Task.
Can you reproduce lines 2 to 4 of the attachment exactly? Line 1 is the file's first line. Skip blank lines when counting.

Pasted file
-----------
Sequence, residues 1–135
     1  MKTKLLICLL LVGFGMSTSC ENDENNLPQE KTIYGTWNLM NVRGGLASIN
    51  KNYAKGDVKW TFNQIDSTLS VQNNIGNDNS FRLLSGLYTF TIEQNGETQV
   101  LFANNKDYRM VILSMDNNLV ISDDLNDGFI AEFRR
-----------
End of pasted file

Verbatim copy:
     1  MKTKLLICLL LVGFGMSTSC ENDENNLPQE KTIYGTWNLM NVRGGLASIN
    51  KNYAKGDVKW TFNQIDSTLS VQNNIGNDNS FRLLSGLYTF TIEQNGETQV
   101  LFANNKDYRM VILSMDNNLV ISDDLNDGFI AEFRR